“I never want to become a travel factory,” says Meredith Broder of Avenue Two Travel.
Growing her business is one of her top objectives — and it’s grown about 30 percent annually since she entered the business — but Broder insists that her connection with her clients, which allows for a more personalized vacation, remains her number-one priority.
Broder joined Avenue Two Travel in 2008, at the height of the recession and one of the travel industry’s lowest points in recent history. Nonetheless she has found ways to succeed. One of them is considering the wishes of the clients when booking trips for them, but never hesitating in pushing them in another direction when she feels they may be misled by an online review, for instance.
“I love to have my clients try things they may never have considered. It’s exciting to take them outside of their comfort zone and convert vacationers into travelers. I am brutally honest and my clients appreciate the candor, especially once the trip is over and they understand why I made the choices I did on their behalf,” Broder says. “In fact, sharing the memories once the trip is over has proven to be just as meaningful as the collaboration during the planning stage. While the embers are still glowing, it’s fun to generate a spark for the next adventure.”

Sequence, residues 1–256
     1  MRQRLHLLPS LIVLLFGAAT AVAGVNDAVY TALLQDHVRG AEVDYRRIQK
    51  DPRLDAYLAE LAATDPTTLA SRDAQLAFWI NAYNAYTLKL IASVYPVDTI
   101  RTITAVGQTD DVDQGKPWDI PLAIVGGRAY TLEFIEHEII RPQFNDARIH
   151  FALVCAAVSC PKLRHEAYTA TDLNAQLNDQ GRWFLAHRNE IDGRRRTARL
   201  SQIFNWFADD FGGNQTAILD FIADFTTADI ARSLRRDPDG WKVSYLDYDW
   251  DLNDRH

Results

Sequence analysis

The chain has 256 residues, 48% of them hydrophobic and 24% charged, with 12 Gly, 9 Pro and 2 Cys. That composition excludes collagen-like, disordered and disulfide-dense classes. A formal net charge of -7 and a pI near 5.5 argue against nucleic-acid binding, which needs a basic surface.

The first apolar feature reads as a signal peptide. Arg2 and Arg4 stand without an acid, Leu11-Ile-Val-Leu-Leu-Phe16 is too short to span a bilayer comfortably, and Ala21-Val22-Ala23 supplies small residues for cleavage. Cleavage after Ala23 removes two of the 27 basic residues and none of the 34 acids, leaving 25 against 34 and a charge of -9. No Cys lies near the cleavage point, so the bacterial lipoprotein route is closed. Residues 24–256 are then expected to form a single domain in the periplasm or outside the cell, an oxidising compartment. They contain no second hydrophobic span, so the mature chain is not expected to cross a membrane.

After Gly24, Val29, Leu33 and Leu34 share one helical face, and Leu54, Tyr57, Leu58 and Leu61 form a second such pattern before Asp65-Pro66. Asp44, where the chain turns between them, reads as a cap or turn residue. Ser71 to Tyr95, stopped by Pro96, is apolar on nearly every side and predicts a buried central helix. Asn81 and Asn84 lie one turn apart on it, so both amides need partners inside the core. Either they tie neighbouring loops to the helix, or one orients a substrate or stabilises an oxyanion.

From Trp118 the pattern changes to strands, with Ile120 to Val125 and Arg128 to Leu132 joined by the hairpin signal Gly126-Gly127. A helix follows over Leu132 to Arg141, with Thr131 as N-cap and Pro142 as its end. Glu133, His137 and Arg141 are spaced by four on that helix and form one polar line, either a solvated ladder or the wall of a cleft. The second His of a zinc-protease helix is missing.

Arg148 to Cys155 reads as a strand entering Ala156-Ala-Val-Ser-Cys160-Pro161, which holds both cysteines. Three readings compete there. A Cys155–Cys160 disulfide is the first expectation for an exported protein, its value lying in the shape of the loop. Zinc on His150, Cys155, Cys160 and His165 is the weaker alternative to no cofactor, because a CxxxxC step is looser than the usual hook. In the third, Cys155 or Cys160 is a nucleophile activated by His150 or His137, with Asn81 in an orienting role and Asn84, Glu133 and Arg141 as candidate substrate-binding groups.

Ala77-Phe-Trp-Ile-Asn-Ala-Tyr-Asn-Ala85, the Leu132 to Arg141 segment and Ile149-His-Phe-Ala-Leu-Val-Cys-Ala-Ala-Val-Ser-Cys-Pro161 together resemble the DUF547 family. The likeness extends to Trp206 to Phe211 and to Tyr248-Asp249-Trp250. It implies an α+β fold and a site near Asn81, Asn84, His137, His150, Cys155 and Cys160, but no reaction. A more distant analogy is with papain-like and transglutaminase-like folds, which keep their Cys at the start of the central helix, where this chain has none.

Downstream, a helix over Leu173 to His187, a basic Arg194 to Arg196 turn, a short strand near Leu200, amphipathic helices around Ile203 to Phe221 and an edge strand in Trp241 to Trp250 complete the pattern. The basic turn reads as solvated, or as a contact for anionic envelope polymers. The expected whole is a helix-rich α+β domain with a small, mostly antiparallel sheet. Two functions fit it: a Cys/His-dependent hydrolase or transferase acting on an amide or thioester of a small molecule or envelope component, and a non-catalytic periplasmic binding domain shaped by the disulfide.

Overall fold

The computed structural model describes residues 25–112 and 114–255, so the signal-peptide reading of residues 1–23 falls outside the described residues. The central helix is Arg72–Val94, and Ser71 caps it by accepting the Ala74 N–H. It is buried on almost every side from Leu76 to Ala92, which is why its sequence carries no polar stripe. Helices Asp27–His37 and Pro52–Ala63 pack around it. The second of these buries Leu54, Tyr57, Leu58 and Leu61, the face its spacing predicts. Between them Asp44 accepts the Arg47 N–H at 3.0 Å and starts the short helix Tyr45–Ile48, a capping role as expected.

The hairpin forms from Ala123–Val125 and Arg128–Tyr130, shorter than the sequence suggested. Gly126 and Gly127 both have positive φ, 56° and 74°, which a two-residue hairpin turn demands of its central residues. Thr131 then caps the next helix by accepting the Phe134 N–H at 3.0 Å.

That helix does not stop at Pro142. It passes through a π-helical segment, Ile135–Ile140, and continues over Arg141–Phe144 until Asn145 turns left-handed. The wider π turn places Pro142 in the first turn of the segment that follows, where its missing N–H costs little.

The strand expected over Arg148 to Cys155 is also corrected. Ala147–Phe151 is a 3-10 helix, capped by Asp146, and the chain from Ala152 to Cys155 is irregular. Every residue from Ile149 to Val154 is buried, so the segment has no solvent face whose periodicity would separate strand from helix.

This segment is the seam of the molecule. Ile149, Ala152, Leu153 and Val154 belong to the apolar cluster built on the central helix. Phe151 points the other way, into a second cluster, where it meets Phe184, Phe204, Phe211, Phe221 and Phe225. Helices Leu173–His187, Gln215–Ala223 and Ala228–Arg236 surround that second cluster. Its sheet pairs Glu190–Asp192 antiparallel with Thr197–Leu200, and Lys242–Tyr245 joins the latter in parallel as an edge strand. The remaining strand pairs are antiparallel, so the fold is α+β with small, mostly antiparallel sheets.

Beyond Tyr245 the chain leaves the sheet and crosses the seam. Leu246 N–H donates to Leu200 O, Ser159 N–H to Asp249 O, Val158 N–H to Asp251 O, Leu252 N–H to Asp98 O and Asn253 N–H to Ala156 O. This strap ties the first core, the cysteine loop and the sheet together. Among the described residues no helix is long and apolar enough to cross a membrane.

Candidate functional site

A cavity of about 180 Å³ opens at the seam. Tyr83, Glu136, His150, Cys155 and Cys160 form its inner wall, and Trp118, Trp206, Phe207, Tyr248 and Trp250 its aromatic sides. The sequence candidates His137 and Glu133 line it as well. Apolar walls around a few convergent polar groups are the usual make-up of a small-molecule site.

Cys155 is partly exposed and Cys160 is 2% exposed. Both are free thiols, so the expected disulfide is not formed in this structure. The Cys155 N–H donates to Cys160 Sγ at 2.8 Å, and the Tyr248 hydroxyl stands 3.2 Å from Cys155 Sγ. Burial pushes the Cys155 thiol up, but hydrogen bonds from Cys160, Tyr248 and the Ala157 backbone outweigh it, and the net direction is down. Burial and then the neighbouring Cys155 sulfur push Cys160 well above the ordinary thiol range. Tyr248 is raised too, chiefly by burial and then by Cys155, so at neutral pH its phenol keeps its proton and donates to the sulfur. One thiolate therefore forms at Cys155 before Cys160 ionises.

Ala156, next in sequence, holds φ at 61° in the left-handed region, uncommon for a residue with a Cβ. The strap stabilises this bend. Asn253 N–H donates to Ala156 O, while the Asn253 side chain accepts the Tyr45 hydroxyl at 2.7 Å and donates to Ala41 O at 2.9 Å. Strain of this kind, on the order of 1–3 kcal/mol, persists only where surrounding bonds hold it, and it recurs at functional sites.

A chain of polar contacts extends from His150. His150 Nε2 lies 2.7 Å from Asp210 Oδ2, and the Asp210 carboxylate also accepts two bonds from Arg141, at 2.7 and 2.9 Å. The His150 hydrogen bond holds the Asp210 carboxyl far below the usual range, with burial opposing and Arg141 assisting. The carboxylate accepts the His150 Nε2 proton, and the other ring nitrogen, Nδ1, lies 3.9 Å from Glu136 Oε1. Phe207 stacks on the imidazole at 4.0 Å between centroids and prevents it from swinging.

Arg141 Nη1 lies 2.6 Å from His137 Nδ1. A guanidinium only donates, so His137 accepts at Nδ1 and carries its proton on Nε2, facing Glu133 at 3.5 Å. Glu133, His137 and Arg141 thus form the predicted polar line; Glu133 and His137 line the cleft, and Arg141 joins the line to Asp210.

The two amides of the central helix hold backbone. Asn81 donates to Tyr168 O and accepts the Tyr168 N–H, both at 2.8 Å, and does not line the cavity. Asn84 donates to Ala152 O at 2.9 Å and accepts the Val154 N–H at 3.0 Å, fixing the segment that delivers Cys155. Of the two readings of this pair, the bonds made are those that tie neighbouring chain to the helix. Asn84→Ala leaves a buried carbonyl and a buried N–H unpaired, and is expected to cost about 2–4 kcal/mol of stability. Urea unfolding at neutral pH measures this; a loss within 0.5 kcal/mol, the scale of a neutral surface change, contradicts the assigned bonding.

Before entering the travel industry, Broder earned a degree in communications from Syracuse University, following which she became a publicist for nine months. She then took a hiatus for a full winter season in Aspen, CO, and a summer of hopping across Italy, Turkey and Greece. She followed that up with three months in Australia. “After doing an Outward Bound in Queensland, I continued to explore independently, just fascinated with the Aboriginal culture. I came home when I ran out of money,” says Broder.
She reports that her background in public relations is really her foundation for planning travel. “The art of crafting stories, targeting the right audience, and generating a buzz really translates well in the travel world. There is a direct correlation to genuinely focusing on the client, learning about what gets them excited, and what makes them frustrated, then weaving in their passions and wish lists to match them with the right destination, hotel and experiences.”
And the best way to accomplish that, according to Broder, is to maintain just as strong a relationship with her suppliers. “I guess my niche is matchmaking,” she says. “I can’t be an expert at everything travel — but I can confidently connect with an expert!”
The mutual respect between advisor, supplier and client is the “secret sauce” she says. When that respect exists, it allows advisors to function at peak performance.
Recently, Broder was tasked with maximizing accumulated mileage for a couple. She redeemed one-way tickets just before an announced mileage adjustment. The couple flew to Hong Kong, stopped at Yogyakarta, Bali and Sumba before heading to Dubai.
“While this is a job, my career is also an organically grown passion. I love that I can experience the world with my family, and work to provide those experiences for my clients, too,” says Broder.